New data published by the Insolvency Services shows the number of registered company insolvencies in November 2022 was 2,029. This was 21% higher than in the same month in the previous year (1,676 in November 2021), and 35% higher than the number registered three years previously (pre-pandemic; 1,505 in November 2019). The data published today also shows that there were 290 compulsory liquidations in November 2022, which is more than 5 times as many as there were in November 2021.
Claire Burden, Head of Advisory Consulting at Evelyn Partners and a Board member of the Institute for Turnaround comments: “The year-on-year rise in the number of monthly company insolvencies can be attributed to businesses struggling to deal with post Covid debts, rising interest rates and inflationary increases failing to be passed onto already cost-wary consumers. We are seeing an increasing number of worried directors who are struggling to keep their businesses afloat. These are good companies but facing serious and continuing increases in energy costs, wage demands and interest rates. The vast majority of directors have never before faced these levels of inflation and are having to change their ways of working to assert more control.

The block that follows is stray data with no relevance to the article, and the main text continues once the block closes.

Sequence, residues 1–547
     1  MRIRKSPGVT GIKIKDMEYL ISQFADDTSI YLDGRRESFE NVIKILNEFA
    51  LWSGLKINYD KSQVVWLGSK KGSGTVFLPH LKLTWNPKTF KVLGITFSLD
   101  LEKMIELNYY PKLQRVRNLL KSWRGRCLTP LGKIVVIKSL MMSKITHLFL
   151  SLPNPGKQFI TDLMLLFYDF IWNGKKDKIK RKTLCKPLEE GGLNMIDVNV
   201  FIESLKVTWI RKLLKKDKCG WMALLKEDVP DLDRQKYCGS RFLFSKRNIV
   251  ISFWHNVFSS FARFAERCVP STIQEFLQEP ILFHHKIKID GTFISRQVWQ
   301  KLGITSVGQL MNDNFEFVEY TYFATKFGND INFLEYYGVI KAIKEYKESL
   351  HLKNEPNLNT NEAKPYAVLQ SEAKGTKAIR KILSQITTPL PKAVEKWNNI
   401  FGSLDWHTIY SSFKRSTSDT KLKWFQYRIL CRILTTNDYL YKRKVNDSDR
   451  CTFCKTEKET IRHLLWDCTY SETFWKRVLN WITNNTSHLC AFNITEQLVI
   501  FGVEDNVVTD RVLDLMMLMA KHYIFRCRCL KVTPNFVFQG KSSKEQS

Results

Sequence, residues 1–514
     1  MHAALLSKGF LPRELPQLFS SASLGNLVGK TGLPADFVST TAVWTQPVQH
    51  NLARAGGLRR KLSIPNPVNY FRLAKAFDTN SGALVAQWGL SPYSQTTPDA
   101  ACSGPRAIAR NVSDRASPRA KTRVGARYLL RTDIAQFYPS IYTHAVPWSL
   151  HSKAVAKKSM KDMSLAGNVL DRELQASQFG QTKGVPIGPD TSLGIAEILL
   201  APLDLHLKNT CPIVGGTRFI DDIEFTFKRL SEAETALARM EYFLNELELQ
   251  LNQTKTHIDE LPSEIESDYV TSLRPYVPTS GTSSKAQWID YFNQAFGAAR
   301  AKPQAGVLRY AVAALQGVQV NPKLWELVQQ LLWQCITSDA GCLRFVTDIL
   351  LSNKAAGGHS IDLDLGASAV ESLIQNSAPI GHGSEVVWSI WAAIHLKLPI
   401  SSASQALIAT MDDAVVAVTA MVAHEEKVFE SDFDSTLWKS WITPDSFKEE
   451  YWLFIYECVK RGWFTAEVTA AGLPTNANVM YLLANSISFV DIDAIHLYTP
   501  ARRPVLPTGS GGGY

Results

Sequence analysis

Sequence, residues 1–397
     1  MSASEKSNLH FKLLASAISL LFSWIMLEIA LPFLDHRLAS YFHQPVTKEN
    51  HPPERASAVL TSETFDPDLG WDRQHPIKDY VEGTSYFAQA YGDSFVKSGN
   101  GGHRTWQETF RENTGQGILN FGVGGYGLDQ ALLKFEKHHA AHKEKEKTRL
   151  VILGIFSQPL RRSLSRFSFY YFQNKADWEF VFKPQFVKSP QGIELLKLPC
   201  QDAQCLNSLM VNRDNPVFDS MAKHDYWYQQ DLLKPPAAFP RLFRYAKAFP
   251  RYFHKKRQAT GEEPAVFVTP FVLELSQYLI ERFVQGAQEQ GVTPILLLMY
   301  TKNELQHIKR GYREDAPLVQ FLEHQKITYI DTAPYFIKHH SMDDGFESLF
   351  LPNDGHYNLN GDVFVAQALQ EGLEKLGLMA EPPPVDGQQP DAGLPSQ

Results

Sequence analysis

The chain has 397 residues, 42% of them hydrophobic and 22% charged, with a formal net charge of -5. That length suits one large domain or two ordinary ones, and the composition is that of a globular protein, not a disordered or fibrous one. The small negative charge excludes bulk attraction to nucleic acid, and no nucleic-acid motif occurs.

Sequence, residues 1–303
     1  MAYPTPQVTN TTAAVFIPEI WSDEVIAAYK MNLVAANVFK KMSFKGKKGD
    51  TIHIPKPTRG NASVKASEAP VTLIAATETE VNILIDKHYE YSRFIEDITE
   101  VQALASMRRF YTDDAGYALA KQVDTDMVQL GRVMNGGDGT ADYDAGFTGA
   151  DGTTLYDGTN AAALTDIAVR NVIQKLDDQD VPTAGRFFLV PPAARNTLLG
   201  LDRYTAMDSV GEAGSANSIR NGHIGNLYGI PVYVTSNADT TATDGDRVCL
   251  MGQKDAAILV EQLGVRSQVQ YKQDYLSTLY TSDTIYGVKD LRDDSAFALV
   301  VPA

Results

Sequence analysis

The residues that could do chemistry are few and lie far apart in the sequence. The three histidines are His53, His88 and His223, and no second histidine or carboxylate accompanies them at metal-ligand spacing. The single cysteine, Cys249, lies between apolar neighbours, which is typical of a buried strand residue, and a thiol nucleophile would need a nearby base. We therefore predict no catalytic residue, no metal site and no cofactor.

“The insolvency stats remain concerning for one main reason: the sheer level of liquidations compared to ‘rescue’ insolvency procedures like administrations, where jobs are saved. This highlights that directors are leaving it far too late to take the steps needed to save jobs. This delay is not only having a wider economic impact through job losses, but also may cause a raft of claims against directors personally for failing to protect the interests of the company and its creditors. Insolvency is always the last option. Directors should be proactive, taking all action possible. We have distilled this into the 12 key activities that directors should prioritise in the lead up to 2023, to be recession ready.